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Endangered Whooping Cranes Following Ultralights Reach Georgia Skies


November 25, 2002

Heather Ray, Operation Migration, Inc., (905) 718-1292
Tom MacKenzie, US Fish and Wildlife Service, (404) 679-7291 or (678) 296-6400 (cell)
Robin Hill, Georgia DNR, (770) 761-3035



Ultralight-led migration of 16 endangered whooping cranes, which began on October 13 at Necedah National Wildlife Refuge in Wisconsin headed for Chassahowitzka National Wildlife Refuge in Florida, arrived in Pike County today, Monday, November 25, 2002


Joe Duff, Richard van Heuvelen, Brooke Pennypacker and Bill Lishman - Ultralight Pilots, Operation Migration, Inc.
Dan Sprague - Crane Biologist, USGS Patuxent Wildlife Research Center
Kelly Maguire - Crane Biologist, International Crane Foundation
Brian Clauss - Crane Biologist, USGS Patuxent Wildlife Research Center


Tuesday, November 26, 2002 - 6:30 a.m. - Brief interviews and photo opportunities with the pilots and biologists -- footage of the birds and ultralight at take-off.

Note: Please be aware that the location and exact time of the migration will be determined as weather permits.


Pike County (see directions below)
The media is asked to report only the county, not the exact location of the stopover site, out of respect for the landowner and isolation of the birds. Please DO NOT wear bright colored clothing. Camouflage and natural earth tone colors are recommended.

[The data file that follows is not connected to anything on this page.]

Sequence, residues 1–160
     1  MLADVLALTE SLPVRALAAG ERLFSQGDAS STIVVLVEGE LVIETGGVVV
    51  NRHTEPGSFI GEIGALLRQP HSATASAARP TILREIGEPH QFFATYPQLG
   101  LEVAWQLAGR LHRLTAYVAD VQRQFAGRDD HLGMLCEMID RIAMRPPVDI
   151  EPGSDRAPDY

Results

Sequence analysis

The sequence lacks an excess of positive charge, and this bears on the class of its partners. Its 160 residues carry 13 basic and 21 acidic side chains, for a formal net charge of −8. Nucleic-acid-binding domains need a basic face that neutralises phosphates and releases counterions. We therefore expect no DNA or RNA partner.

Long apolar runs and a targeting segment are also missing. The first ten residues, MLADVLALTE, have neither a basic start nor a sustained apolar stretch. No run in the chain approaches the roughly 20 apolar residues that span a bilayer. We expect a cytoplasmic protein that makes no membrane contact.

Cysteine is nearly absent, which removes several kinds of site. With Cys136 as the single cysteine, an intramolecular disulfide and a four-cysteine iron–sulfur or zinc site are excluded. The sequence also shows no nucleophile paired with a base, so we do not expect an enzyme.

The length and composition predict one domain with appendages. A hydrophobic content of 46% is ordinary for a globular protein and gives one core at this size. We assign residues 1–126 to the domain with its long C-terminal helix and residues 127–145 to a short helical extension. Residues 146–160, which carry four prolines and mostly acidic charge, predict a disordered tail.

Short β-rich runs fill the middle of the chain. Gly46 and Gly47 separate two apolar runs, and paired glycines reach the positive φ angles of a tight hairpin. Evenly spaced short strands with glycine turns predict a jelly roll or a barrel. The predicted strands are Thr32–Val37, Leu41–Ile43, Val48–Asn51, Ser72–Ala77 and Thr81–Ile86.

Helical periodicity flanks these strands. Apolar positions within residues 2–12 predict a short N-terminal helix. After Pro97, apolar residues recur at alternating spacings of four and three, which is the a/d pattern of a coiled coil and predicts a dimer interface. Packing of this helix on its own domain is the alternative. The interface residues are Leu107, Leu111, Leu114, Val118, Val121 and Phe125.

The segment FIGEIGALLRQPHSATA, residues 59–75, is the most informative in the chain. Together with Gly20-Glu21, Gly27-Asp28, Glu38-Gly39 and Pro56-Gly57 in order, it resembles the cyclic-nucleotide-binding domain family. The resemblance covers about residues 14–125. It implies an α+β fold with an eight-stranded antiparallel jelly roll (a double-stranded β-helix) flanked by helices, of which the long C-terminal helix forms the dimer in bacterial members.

This seven state, 1,250-mile migration is the second experimental attempt to establish a migratory flock of endangered whooping cranes into the eastern United States. In 2001, the Whooping Crane Eastern Partnership (WCEP) led seven whooping crane chicks behind ultralight aircraft to Florida and five successfully made the unassisted return to central Wisconsin this past spring. One of those five cranes has just returned unassisted to Florida to winter. Whooping cranes were on the verge of extinction in the 1940s. Today, there are still only about 260 birds in the wild. For the study to be successful, pilots and biologists must maintain the cranes "wildness." This means they cannot make any human noises such as coughing or talking, and they dress in costumes to mask their human form and use adult crane puppet heads to mimic adult bird behaviors. The work of Operation Migration, Inc. was featured in the film Fly Away Home.

Note: B-roll is available by calling 905/718-1292. More information can be found on-line at or Daily updates are recorded at 904/232-2580 x102.


visit and type in the mailing address to get different maps.

339 Old Zebulon Road
Zebulon, GA 30295

From Zebulon, take Highway 19 South. Approximately 1 mile south of Zebulon, turn right on to Old Zebulon Road. Go approximately 1 mile and look for the Ridgeview Farms sign on the left. Drive through the gate and travel to the migration team vehicles.


For recent pictures go to:

For more information about the U.S. Fish and Wildlife Service,
visit our home page at or

NOTE: You can view our releases or subscribe to receive them -- via e-mail -- at the Service's Southeast Regional home page at Our national home page is at:

Atlanta, GA 30345
Phone: 404/679-7289 Fax: 404/679-7286

2001 News Releases

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